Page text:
3. If using Windows, select .ppk for private key file format.
    5. Create the CloudFormation stack (instructions).
      1. Navigate to the CloudFormation page.
      2. Click Create stack.
      3. Select Upload a template file, upload the template file, and click Next.
      4. Fill out the Specify stack details form and click Next.
        1. We recommend setting the Stack name to ClearIP-Proxy.
        2. The AlarmEmail stack parameter is recommended.
        3. The KeyPair and SubnetsSIP stack parameters are required.
        4. If SSH access is needed, the SubnetSSH stack parameter is required.
        5. All other parameters should be left at their default values.
      5. Leave the Configure stack options form values at their defaults and click Next.
      6. Check the Capabilities acknowledge box and click Create stack.
      7. Wait until the stack status shows CREATE_COMPLETE (typically about 5 minutes).
    6. If a value was supplied for the AlarmEmail stack parameter, confirm the subscription by clicking the Confirm subscription link in the email you received.
    7. Locate each proxy’s public IP.
      1. Navigate to CloudWatch Dashboards page.
      2. Click on the dashboard name (e.g., ClearIP-Proxy-Dashboard).
      3. The public IPs are shown in the Public IPs section of the dashboard.

    Continue with the final steps common to both AWS and manual setup.

  • Manual installation and setup

    1. Create Virtual Machines

    Create Virtual Machines (VMs) inside your private network with 4 GB of RAM and 2 cores running CentOS 7.x or Redhat 7.x.

    • The VMs must have access to the internet.
    • The VMs should not have public IP addresses. We recommend that you set up them up with Network Address Translation (NAT) through a firewall.
    • No ports should be opened for external access.
    • All connections to ClearIP from your network will be initiated through proxies running in the VMs. They will connect to ClearIP using TLS 1.2, so all traffic will be encrypted.
    • The proxies will accept SIP messages on all interfaces via UDP (5060), TCP (5060), and TLS 1.2 (5061).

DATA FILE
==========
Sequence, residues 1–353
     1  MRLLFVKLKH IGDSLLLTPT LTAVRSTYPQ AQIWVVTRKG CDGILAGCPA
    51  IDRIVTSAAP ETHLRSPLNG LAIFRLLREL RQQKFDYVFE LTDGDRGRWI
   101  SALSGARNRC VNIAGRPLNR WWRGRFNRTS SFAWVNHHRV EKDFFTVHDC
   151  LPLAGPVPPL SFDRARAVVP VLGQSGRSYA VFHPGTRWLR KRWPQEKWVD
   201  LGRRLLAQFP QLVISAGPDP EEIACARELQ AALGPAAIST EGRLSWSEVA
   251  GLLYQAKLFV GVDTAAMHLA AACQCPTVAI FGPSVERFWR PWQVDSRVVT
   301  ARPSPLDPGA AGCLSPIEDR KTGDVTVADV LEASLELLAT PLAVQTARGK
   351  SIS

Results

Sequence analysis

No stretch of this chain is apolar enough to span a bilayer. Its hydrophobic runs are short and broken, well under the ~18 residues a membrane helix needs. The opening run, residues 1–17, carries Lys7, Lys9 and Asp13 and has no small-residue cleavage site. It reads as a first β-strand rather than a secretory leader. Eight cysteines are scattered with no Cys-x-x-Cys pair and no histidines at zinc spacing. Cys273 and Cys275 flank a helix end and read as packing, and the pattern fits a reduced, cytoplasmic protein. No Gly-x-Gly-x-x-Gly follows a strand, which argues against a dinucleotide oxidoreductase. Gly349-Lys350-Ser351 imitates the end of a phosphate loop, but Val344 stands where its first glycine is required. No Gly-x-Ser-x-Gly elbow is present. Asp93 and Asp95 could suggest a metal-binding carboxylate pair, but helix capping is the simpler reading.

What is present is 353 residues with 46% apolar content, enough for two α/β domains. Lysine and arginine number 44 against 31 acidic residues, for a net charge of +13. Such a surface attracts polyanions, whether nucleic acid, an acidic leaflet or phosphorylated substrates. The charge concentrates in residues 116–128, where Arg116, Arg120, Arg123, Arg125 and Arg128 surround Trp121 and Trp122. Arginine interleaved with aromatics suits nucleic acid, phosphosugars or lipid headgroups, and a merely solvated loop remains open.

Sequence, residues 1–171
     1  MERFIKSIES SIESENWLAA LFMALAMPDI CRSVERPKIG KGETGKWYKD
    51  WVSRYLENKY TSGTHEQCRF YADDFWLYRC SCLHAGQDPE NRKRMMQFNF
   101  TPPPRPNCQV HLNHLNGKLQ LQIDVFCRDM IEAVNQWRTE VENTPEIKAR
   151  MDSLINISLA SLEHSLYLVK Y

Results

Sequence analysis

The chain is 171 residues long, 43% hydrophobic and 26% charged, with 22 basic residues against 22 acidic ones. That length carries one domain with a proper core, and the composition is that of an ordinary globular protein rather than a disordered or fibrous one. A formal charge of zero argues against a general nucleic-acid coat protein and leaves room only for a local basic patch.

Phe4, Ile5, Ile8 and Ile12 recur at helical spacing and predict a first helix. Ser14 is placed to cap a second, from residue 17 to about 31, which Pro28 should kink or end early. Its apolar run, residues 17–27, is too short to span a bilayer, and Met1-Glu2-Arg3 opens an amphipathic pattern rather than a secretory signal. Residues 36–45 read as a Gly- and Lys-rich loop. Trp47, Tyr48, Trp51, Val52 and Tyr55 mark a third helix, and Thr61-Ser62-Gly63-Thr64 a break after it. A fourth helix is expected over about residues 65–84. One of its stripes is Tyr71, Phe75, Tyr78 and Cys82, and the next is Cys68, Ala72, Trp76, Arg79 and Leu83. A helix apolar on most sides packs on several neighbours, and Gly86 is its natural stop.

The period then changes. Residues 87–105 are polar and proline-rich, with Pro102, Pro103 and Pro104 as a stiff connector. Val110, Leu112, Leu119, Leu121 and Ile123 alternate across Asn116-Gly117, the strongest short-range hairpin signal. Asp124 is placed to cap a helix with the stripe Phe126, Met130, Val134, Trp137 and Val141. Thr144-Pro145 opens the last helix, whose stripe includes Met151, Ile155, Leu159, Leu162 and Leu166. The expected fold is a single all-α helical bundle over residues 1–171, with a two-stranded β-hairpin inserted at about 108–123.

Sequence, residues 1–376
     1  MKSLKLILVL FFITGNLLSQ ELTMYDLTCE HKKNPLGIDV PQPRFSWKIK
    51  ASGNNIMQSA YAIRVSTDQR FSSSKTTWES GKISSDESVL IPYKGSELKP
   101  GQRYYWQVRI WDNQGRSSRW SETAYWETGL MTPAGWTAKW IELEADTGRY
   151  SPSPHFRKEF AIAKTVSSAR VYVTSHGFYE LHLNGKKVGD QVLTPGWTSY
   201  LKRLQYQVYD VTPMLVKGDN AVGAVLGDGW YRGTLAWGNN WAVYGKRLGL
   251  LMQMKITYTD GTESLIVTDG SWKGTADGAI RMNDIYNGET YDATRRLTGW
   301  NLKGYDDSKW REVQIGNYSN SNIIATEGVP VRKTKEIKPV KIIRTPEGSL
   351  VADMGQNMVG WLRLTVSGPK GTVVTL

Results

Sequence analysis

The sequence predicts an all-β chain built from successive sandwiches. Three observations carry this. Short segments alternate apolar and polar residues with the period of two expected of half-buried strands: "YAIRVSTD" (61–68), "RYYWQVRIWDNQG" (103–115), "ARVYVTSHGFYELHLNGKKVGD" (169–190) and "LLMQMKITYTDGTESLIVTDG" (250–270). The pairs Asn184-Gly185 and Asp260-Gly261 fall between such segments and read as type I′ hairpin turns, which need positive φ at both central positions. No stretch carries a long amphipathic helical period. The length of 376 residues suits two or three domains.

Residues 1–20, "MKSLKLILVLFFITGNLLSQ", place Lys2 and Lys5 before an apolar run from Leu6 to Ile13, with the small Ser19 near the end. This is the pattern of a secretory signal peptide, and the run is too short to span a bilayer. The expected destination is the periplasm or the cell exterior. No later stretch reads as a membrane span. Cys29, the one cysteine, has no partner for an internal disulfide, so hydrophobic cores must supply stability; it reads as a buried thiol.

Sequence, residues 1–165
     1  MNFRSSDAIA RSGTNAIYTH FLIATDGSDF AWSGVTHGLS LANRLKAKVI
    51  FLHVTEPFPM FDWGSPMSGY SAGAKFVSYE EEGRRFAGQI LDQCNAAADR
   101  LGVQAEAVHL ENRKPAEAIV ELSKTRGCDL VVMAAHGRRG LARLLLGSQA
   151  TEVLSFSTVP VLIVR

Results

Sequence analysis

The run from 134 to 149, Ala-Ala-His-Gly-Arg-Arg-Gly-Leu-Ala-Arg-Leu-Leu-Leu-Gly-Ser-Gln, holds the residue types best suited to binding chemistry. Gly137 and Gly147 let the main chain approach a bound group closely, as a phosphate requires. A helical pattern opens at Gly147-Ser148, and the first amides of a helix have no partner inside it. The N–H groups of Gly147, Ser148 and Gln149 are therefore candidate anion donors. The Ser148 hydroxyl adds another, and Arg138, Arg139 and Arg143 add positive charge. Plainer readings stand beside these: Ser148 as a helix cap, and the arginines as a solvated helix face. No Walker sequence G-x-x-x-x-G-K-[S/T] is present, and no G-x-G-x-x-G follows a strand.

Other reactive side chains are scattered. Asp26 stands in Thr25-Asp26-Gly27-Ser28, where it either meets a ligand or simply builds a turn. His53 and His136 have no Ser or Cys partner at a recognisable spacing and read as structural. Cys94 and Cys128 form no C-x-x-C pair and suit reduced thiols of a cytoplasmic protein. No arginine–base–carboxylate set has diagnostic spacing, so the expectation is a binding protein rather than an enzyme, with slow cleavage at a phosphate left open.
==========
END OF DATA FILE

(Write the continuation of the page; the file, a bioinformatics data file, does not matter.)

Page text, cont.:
2. Set up a firewall on the server

    Only trusted devices should be able to send SIP messages to the proxies. If untrusted devices exist on the same network as the proxies, then you must use a firewall to limit access.

    If you are using CentOS 7 as your operating system, then you can run these commands to close out ports 5060 and 5061:

    firewall-cmd --zone=public --remove-port=5060/udp --permanent
    firewall-cmd --zone=public --remove-port=5060/tcp --permanent
    firewall-cmd --zone=public --remove-port=5061/tcp --permanent

    firewall-cmd --reload

    Then, you can allow a specific source IP from your Switch to the In-Line Proxy with these commands:

    firewall-cmd --permanent --add-rich-rule='rule family="ipv4" source address="x.x.x.x" port protocol="udp" port="5060" accept'

    firewall-cmd --reload

    These rules only apply to inbound (source) traffic. Outbound traffic is unrestricted by these rules.

    If you use a different operating system than CentOS 7, then the commands may be different.

    3. Install the In-Line Proxy on each VM

    To install the proxy on each VM, run this command:

    curl https://files.transnexus.com/clearip/installProxy.sh | sh -s

    The proxy starts when installed and whenever its VM is rebooted. There is no starting/stopping or further configuration required.

    4. Environments with 1:1 NAT

    For some cloud environments such as AWS EC2, the VM instance hosting the ClearIP In-Line Proxy may have one private IP address binding with an internet gateway with one public IP address. In this case, the ClearIP In-Line Proxy must be configured to advertise the internet gateway public IP address in all outbound SIP messages. This allows the downstream devices that cannot access the private IP address to communicate with the ClearIP In-Line Proxy.

    To do this, use any text editor as the root user to edit the config file located here:

    /etc/opensips/opensips.cfg

    Change the following lines from this:

    socket = udp:*:5060
    socket = tcp:*:5060
    socket = tls:*:5061

    to this:

    socket = udp:<PRIVATE_IP>:5060 as <PUBLIC_IP>
    socket = tcp:<PRIVATE_IP>:5060 as <PUBLIC_IP>
    socket = tls:<PRIVATE_IP>:5061 as <PUBLIC_IP>

    where <PRIVATE_IP> is the ClearIP In-Line Proxy private IP address and <PUBLIC_IP> is the internet gateway public IP address.

    Then run this command to restart the ClearIP In-Line Proxy so the change takes effect:

    sudo systemctl restart opensips

    Continue with the final steps common to both AWS and manual setup.

Final steps